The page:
Another Year with Poinsettias

February 14, 2008 - 08:31

Last year my Big Grower poinsettia article was titled “Where Are We Going with Poinsettias?” That is still a very open question. The poinsettia market is overproduced, and they are definitely a commodity item. It is such a major crop, and there are so few alternatives that growers at all levels are struggling with decisions about what to do with it.

The fall 2007 poinsettia market was generally soft, and strong situations were spotty and widely scattered. In big box stores, shrink numbers seemed to range between 30 and 70 percent and varied over different geographical regions. Losses at this level hurt everyone, no matter who carried the risk.

There are different reasons for the significant shrink in the big box stores. The general economic situation and less traffic in some stores was a significant issue. Then two major issues are magnified in slower years: poor retail displays and poor plant maintenance.

A row of carts jammed with plants is not very exciting. Especially if the sleeves are left on and the plants are in a shuttle tray that makes them difficult to pull out. Then there are the commonly seen displays where the plants are massed together pot to pot. Customers shopping these displays often tear up the plants. Where plants are massed together, it is often better to leave the sleeves on.

The overall appearance of poinsettia plants will decrease after the plants leave the greenhouse because of low light, age and other stresses. When the plants sit at a big box retailer for a week or more, where they may not be watered and the displays are not cleaned up, their appearance suffers. Then, the plants are much less likely to sell. It is analogous to trying to sell wilted lettuce or yellowing broccoli in the produce department.

The combination of poor displays, struggling plants and low retail prices is a vicious circle that is difficult to break. Unfortunately, this situation creates an image in the mind of consumers of a product that does not have a high value.

 

Diminishing Demand

In the past few years there has been a steady increase in demand for 8-inch pots in big box stores as well as independents, and many growers have been increasing production of larger pot sizes. In many markets, this demand at the big box level reversed itself in 2007. This may have been a result of the generally softer poinsettia consumer we saw this year. Or it could have been the start of the cycle swinging back toward smaller sizes.

In the past couple of years, there have been notable attempts by several individual growers to produce a differentiated product using decorative containers or combinations with other plants. These products certainly have looked good, but successes have been varied. In a couple of cases, these higher-value items have been displayed just as poorly as everything else. Also, the grower needs to be careful and not overproduce this type of product, which is easy for a large grower to do.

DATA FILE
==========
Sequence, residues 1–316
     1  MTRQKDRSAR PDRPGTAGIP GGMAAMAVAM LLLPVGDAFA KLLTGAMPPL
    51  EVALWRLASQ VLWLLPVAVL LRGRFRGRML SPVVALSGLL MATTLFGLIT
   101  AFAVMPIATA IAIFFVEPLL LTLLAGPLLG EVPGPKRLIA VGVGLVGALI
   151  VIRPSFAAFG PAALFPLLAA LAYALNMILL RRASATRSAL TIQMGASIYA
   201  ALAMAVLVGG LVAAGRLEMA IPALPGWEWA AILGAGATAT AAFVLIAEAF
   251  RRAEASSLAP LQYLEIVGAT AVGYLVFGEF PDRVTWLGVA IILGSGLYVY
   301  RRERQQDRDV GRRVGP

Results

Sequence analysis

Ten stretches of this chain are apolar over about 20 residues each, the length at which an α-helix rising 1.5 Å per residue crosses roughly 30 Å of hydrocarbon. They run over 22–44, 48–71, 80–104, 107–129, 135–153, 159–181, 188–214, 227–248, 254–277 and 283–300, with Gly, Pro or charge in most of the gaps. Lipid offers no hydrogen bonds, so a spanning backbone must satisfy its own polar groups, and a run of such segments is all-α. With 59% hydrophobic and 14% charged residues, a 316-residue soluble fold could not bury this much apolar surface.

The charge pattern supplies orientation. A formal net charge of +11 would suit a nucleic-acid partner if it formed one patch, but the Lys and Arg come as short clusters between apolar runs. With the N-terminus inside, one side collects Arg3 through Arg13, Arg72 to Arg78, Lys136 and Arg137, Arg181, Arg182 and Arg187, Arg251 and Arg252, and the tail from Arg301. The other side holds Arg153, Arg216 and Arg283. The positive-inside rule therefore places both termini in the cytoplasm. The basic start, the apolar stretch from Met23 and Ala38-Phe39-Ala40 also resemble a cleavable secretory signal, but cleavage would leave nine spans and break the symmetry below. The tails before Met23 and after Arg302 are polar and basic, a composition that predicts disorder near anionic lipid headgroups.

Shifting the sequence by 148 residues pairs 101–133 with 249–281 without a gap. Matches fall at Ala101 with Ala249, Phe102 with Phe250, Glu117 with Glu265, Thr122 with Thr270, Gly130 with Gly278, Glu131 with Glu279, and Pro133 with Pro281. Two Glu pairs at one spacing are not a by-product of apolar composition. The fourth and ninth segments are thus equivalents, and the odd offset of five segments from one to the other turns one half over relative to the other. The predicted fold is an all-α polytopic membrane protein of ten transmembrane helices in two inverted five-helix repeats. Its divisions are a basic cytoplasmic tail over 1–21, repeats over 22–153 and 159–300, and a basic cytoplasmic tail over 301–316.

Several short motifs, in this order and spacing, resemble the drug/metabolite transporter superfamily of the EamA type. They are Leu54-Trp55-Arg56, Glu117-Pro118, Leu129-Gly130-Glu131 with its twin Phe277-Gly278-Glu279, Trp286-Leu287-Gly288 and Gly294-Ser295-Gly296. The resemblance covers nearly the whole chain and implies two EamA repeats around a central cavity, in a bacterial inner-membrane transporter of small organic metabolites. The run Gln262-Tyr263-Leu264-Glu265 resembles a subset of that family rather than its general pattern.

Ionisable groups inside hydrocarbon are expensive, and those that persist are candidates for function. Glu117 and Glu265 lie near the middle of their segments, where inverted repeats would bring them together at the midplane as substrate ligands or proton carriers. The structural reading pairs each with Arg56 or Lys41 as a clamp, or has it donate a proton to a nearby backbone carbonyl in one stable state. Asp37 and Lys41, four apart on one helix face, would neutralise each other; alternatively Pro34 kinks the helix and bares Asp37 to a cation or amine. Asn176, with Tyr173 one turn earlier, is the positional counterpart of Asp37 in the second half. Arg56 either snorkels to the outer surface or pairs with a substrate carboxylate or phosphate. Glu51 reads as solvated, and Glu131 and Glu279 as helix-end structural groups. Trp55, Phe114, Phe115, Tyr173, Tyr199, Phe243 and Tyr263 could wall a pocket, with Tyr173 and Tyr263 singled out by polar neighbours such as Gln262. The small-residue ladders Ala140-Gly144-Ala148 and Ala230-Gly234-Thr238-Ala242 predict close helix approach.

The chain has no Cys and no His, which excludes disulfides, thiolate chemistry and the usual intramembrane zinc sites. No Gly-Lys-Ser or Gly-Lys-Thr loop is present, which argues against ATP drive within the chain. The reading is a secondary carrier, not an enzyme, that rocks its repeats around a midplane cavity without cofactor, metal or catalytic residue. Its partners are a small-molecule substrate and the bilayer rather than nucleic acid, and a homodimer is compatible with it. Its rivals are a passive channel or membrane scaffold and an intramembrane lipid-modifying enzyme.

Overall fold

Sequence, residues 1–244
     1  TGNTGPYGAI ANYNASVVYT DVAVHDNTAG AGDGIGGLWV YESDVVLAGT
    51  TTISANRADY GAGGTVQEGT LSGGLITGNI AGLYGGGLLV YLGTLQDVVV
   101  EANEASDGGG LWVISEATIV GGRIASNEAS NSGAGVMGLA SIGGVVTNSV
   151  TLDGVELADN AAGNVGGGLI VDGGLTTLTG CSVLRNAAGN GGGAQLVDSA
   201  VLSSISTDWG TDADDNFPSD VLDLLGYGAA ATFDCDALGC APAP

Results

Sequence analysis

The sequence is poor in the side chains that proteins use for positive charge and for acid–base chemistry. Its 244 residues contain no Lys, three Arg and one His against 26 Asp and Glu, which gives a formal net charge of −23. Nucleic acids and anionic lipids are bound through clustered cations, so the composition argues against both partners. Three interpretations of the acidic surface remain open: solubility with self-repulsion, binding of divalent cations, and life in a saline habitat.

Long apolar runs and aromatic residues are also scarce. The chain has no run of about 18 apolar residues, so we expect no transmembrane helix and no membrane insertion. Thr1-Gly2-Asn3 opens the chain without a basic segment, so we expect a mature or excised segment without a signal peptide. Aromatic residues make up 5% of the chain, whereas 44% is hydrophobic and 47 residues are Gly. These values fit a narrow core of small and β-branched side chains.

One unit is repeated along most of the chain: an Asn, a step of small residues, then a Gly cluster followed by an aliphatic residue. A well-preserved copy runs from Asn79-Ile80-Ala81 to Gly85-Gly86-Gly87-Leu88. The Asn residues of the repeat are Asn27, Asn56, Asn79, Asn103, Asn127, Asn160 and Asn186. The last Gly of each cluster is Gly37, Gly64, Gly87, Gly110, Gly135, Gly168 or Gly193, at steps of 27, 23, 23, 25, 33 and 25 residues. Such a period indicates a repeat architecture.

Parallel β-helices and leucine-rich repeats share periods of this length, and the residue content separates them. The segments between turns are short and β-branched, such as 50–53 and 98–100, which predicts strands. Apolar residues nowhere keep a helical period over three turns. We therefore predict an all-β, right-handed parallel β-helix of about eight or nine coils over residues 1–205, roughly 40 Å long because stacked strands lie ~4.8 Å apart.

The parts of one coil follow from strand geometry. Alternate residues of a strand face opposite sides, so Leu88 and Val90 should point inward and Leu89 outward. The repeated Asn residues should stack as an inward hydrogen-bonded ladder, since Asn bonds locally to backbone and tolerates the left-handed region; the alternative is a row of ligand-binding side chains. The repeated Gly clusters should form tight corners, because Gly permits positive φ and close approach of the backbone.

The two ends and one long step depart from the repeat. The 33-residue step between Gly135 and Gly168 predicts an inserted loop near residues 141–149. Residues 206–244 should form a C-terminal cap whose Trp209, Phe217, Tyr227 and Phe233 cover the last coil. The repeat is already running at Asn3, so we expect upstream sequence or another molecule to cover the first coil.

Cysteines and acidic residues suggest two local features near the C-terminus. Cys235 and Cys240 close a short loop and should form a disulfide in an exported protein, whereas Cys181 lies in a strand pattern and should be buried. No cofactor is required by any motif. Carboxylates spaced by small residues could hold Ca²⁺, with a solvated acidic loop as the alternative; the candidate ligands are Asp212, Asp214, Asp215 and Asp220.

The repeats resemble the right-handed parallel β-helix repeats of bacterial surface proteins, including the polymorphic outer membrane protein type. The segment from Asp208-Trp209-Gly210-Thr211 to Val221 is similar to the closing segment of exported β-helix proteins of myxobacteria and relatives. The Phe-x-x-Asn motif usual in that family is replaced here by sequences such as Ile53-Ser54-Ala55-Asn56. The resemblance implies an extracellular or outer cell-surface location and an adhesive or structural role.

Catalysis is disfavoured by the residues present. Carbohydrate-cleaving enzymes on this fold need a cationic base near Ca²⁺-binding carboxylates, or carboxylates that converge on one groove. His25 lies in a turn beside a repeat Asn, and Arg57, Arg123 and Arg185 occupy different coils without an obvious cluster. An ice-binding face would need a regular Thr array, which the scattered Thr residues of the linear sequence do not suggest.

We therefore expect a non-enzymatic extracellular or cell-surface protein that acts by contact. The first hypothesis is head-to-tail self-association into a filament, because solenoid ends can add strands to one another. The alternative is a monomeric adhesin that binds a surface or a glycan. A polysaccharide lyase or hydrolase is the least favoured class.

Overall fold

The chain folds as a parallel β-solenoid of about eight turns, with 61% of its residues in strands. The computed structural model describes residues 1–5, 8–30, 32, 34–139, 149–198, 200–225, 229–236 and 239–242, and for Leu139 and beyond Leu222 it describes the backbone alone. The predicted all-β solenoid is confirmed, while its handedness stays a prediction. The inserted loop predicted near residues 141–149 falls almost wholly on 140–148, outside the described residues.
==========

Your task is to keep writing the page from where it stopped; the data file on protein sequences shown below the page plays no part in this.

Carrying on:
The number of painted poinsettias produced continued to go up in 2007, but I sure saw a lot of them sitting around at big box and grocery stores late in the season. How much of this was general soft demand and how much was due to a new product reaching its plateau stage is difficult to know. The demand for good painted/glittered poinsettias will continue, but growers will again need to be careful and match production numbers with demand. The evolving trend of painting spring items will tend to make a painted poinsettia less novel. At our consumer open house at the University of Florida, where we talk to consumers and do surveys, a common comment we hear is that they like new, different and bright poinsettias, but they prefer a natural plant.

 

Big Box Exclusive

‘Ice Punch’ is an interesting situation, and I strongly support the effort to add value in the big box poinsettia market. It is an exclusive in Home Depot and was sold at a premium price with upgraded packaging. Demand varied from soft to strong in different markets and generally seems to have done better in the West than in the East. The response we receive in the surveys show that this is a very appealing plant for consumers. It is the type of variety, similar to ‘Winter Rose Dark Red’, that will become an important novelty variety even after the “new” phase is past. At the IPM show last month in Germany, Dümmen was displaying a new variety, ‘Ice Crystal’, that has an appearance similar to ‘Ice Punch’. ‘Ice Crystal’ is not available in the United States this year, but it will be in some U.S. trials. Depending on how ‘Ice Crystal’ performs and how it is marketed, it could have a significant effect on the market situation in 2009.

About The Author

Jim Barrett is professor of floriculture at the University of Florida, Gainesville, Fla., and consulting engineer of GPN. He can be reached at jbarrett@ufl.edu.

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